After we made the decision to make some changes in the direction/tone of the site, I found myself searching, in my newfound personal sea of writing freedom, for inspiration.
I certainly would have never guessed that I would find it during a very candid conversation I had with my esteemed Enderun colleague (and friend), the phenomenally erudite Bel Castro.
I wish I could write more about the circumstances of the chat to further add layers on how unlikely inspiration could have hit me at that moment (argh!), but I’d rather keep that private. Trust me, however, when I say that it could be one of the strangest places to have a “eureka!” moment.
Anyway, as we were updating each other on our lives, we ended up talking about one activity she had her students do: Guess what Captain Kirk and Scotty were drinking in their mugs/cups.
I know, it seems strange… But allow me to expound. The first five minutes of Star Trek Beyond (2016) showed a montage of Captain Kirk (Chris Pine) and Scotty (Simon Pegg) drinking from their own mugs/cups. Having asked her students to watch the scene, Bel asked what the characters were drinking. The students automatically answered, “Captain Kirk was drinking coffee, and Scotty was drinking tea.”
Bel then asked the students what made them come to their conclusions. The students answered, well… Captain Kirk was holding a mug, and Scotty was holding a teacup.
Assuming, however, that there were no rules on what to drink in each vessel (I realise I myself am guilty of drinking coffee from my frou-frou teacups, eheh), the students still came up with the same conclusion simply because Captain Kirk was American, and Scotty was European.
I decided to watch the film again and I was also reacquainted with the bar scene (at about eight minutes into the film). In the scene, Captain Kirk was drinking what looked to be some sort of illegal beverage (a “Saurian brandy”) with a high enough ABV that could potentially render him blind (as Dr. Bones, played by Karl Urban, stressed). Dr. Bones instead offered a dark coloured alcoholic drink, which he got from Chekov’s locker. Here’s the thing: Dr. Bones said, after handing the bottle to Captain Kirk, “I always assumed he’d be a vodka man.” This was, of course, a stereotyping of Chekov, their Russian navigator (played by the late Anton Yelchin).
Now, I’m not too sensitive that I should be offended by the portrayal… After all, some of the biggest draws of the space opera media franchise include their multicultural cast, and their depiction of beings from all over the galaxy that coexist. What Bel’s exercise and these specific scenes made me realise is that even in the field of beverages, people are guilty of making generalisations and stereotypes.
The students’ conclusion (and the lighthearted joke by Dr. Bones) was one thing, but I remembered that I have had personal experiences with being put into a box when it comes to drinking (some of which were anything but funny).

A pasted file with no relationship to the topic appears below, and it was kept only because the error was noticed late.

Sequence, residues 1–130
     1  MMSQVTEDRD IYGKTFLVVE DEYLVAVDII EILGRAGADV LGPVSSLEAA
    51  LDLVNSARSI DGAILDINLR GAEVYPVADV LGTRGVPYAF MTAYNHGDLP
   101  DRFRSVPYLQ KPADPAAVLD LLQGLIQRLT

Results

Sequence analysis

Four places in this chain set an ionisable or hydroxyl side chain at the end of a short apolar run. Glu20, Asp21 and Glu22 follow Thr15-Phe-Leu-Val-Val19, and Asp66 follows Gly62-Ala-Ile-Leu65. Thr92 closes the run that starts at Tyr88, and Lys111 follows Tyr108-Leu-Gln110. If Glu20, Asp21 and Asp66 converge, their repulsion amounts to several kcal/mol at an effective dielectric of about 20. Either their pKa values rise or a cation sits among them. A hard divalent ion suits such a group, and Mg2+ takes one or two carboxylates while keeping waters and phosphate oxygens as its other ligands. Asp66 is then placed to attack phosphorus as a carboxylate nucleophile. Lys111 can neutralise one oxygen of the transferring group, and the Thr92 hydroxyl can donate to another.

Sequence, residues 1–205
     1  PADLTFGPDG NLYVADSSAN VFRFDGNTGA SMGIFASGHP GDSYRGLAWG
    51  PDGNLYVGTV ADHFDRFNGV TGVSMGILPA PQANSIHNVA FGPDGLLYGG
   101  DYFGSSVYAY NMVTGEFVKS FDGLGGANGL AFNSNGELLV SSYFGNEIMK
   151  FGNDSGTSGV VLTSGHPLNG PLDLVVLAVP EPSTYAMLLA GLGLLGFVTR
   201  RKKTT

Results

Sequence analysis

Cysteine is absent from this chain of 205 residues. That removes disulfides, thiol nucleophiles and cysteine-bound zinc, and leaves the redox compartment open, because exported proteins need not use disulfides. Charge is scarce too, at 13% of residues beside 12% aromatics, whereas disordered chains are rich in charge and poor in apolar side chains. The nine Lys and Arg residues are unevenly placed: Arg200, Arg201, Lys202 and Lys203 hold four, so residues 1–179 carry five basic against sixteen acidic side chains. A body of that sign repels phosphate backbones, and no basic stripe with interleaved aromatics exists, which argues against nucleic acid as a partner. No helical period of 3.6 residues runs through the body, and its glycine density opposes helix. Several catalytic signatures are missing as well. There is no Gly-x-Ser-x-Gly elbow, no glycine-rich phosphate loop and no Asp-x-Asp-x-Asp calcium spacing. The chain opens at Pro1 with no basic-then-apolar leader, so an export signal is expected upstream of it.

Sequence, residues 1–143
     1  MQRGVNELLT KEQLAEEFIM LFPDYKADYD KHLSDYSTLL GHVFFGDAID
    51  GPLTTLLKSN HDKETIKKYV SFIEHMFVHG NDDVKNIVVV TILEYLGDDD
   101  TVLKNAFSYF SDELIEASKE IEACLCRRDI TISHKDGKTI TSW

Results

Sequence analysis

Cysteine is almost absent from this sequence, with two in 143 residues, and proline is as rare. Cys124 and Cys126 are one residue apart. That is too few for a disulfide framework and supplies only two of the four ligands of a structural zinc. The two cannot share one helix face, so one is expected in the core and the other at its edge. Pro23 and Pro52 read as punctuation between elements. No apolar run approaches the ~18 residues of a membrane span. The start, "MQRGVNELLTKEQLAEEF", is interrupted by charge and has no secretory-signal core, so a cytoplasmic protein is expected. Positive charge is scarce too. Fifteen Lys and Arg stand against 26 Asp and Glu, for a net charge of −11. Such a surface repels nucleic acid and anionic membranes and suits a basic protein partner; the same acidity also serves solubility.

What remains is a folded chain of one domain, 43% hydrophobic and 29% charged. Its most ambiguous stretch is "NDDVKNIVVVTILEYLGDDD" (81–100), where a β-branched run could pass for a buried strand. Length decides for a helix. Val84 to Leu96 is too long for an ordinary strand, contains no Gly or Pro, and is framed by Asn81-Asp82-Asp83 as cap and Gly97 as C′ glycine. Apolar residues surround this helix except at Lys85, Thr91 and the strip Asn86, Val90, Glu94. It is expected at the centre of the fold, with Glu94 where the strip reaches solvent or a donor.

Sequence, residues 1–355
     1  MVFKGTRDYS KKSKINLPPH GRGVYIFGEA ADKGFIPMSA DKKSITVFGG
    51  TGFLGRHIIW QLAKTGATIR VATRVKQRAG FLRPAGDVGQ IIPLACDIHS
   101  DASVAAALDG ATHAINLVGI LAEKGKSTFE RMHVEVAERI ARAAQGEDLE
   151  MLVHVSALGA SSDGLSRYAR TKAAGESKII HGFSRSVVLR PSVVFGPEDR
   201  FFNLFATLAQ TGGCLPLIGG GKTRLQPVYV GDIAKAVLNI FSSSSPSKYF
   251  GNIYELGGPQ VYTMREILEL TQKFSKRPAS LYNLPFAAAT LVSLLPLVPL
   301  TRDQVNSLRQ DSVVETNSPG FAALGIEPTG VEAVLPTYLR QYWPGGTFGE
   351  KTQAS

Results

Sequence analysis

Whenever I go out on a date with my husband (who seldom drinks), a lot of waiters automatically assume that he ordered the alcohol, just because he’s the man.
In an unfortunate incident at a winery, a man mimicked me sarcastically because I asked technical questions. I don’t want to go into too much detail, but the insinuation that a Southeast Asian woman dared to know a little bit of viticulture was quite clear to everyone in the audience.
In a coffee tour, an old man told me to excuse his Asian colleague because Asians have rage issues (he figured out too late that I was Asian as well).
I’ve been told (in jest… For the record, I’ve since forgiven the guy after I immediately called him out on it) that the whisky I was drinking was a man’s drink.
In an international wine event, a winemaker asked why I had my accent. When I told him it was a combination of good schools and Sesame Street, he told me that it was “sad” that I lost the “Filipino accent.”
It’s not just me: I’ve seen a French friend be teased (good-naturedly) for preferring beer over wine, and disliking coffee. A guy once whispered to me in a wine event to go easy on a presenter because she’s pregnant (I thought, though, the woman flew 14 hours to get here and present her wines in her second trimester, I’d like to think she was fine). I’ve seen fantastic women be glorified for being in the industry “despite” being a woman.
Now, I don’t want this to turn into a rant post (it’s anything but). I think that the lesson in the exercise is that we all tend to be guilty of making generalisations (myself included). Maybe we should all start looking at people for what they are: Individuals, with personal preferences. As proper beverage industry frontline practitioners (sommeliers, bartenders, waiters, etc.), we should be professional enough to really get to the bottom of what our guests want (which in turn would make them happy, which is what the profession is all about anyway).
That said, here’s to me happily chugging my morning coffee in one of my favourite teacups. Cheers!